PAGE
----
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Sounds great!

You know Gmail’s new “Smart Reply” feature? Those “bland formulations of convenient and functional corporate language” that sit there at the bottom of your received emails? Sophie Haigney has some thoughts:

The algorithm is mimicking us, but now we’re also mimicking it. The algorithm—which I’m using as shorthand for a series of complicated machine-learning processes—has been absorbing human-email-speak by creeping through billions of perfunctorily worded emails—and it is now spitting them back at us. It’s a refraction, then, of how we write to each other online. But suggestions are also manipulations, as we might know from, say, Amazon’s effective monetization of RIYL logic. Yet these seemingly gentle intrusions into our digital lives are not so passive as they might appear.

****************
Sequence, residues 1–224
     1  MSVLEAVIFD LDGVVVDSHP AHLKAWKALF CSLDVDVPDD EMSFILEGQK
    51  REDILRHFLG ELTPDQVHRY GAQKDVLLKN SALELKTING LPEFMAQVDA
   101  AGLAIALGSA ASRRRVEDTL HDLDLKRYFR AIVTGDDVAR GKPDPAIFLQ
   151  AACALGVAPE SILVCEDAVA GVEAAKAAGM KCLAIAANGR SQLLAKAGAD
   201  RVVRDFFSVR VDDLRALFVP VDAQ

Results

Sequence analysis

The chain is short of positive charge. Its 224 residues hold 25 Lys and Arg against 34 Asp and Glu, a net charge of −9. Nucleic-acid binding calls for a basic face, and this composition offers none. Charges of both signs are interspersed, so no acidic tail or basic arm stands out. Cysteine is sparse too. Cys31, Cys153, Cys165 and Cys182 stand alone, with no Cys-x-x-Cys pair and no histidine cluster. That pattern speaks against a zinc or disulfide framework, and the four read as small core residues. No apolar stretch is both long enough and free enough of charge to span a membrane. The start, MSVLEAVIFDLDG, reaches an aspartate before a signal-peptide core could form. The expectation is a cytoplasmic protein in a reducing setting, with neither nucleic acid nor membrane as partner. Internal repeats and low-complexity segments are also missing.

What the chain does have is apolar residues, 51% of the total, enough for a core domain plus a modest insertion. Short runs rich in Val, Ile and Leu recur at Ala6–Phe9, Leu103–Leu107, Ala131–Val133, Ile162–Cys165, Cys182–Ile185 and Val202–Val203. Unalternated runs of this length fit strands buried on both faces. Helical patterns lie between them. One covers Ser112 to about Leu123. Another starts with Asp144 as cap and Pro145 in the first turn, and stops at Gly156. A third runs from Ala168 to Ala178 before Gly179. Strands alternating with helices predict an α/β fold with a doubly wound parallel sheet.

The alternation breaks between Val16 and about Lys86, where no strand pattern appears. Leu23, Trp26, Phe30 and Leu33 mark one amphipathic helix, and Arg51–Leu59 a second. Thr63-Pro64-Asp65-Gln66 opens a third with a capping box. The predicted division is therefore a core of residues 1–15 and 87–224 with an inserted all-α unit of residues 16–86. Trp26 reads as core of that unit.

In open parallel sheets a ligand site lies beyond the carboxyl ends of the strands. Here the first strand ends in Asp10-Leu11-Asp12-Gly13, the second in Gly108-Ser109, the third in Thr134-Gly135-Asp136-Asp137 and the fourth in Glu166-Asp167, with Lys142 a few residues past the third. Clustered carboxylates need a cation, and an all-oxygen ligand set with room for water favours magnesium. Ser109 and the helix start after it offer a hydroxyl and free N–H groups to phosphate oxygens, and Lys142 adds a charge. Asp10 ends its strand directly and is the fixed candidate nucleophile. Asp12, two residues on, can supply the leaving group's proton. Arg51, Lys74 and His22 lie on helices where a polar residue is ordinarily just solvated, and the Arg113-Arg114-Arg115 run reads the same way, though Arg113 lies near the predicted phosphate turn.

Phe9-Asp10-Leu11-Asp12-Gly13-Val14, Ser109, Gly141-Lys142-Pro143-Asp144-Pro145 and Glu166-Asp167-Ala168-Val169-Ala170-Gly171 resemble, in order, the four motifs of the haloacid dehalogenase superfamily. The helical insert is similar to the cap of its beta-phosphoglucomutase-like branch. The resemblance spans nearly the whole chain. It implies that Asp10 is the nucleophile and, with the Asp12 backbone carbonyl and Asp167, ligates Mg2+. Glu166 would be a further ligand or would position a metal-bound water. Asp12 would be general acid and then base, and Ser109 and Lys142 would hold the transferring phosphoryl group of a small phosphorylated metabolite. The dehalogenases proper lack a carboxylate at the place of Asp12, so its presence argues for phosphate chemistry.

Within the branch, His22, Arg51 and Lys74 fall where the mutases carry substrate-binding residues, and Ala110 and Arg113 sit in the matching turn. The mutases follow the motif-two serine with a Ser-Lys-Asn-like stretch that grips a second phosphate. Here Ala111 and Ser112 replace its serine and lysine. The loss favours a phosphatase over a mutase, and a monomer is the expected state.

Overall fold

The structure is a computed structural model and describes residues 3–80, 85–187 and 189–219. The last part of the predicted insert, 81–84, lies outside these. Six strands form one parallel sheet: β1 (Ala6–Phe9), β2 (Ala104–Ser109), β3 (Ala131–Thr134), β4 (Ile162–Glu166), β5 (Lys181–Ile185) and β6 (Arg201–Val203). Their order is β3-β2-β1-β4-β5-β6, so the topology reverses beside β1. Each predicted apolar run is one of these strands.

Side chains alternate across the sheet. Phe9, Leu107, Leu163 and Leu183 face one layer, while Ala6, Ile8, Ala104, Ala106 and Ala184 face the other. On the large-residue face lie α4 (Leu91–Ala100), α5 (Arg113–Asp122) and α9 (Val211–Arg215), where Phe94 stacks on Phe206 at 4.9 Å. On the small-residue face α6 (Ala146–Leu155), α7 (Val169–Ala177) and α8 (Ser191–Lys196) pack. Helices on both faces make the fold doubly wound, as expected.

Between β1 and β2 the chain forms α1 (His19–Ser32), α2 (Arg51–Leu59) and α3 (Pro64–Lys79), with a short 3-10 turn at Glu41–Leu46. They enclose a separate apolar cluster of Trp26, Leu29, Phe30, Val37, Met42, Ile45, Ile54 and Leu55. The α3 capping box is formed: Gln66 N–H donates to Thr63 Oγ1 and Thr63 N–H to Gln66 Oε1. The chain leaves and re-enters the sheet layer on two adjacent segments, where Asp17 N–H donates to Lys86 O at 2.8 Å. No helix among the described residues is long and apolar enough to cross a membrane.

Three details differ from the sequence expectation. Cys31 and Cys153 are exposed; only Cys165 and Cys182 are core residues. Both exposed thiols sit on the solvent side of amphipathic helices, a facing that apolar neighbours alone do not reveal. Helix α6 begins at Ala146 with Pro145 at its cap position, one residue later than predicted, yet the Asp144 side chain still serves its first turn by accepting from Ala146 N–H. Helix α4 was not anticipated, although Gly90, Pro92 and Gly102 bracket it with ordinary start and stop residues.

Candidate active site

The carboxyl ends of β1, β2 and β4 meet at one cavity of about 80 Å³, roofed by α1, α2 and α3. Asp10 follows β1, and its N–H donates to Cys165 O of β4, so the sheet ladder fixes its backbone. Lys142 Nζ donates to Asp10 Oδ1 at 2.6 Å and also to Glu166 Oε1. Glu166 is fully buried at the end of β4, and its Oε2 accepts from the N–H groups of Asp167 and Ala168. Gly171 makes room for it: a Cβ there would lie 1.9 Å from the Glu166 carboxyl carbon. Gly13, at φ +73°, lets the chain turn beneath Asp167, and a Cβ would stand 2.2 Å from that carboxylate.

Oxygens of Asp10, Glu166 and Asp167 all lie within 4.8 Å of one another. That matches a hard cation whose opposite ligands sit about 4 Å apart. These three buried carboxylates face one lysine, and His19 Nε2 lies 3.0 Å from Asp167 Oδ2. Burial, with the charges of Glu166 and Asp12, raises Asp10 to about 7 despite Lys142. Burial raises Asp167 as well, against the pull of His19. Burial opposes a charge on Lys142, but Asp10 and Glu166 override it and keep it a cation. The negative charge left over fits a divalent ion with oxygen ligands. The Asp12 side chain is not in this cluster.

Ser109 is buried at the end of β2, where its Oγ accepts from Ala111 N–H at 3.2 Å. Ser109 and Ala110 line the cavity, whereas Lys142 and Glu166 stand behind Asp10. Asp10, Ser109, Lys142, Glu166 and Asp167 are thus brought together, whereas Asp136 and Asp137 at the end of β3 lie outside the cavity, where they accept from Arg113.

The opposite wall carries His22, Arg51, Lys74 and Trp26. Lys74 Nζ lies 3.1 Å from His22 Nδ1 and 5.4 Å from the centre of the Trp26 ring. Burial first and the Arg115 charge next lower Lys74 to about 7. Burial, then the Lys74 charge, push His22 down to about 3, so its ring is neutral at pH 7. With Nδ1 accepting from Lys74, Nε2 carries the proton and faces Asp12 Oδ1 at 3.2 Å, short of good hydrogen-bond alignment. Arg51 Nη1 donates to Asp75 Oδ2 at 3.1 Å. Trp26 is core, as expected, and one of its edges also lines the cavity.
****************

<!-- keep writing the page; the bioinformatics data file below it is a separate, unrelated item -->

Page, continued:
It’s the degeneration of language, she writes, the function of which is “to eliminate complexity, to pare communication down to dumbness, to ‘acknowledge’ or ‘affirm’ without saying much of anything.”

So, basically, perfect for the world we live in.



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